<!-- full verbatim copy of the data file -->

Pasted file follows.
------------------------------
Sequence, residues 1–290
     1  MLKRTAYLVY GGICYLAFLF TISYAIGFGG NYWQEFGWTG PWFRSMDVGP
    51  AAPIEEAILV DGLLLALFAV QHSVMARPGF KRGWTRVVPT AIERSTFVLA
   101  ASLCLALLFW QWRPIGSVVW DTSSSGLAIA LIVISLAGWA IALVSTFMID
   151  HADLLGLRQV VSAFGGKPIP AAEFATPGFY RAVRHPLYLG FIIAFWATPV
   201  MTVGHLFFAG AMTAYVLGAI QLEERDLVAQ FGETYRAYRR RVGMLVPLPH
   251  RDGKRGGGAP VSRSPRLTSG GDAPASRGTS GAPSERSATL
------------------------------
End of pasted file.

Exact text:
Sequence, residues 1–290
     1  MLKRTAYLVY GGICYLAFLF TISYAIGFGG NYWQEFGWTG PWFRSMDVGP
    51  AAPIEEAILV DGLLLALFAV QHSVMARPGF KRGWTRVVPT AIERSTFVLA
   101  ASLCLALLFW QWRPIGSVVW DTSSSGLAIA LIVISLAGWA IALVSTFMID
   151  HADLLGLRQV VSAFGGKPIP AAEFATPGFY RAVRHPLYLG FIIAFWATPV
   201  MTVGHLFFAG AMTAYVLGAI QLEERDLVAQ FGETYRAYRR RVGMLVPLPH
   251  RDGKRGGGAP VSRSPRLTSG GDAPASRGTS GAPSERSATL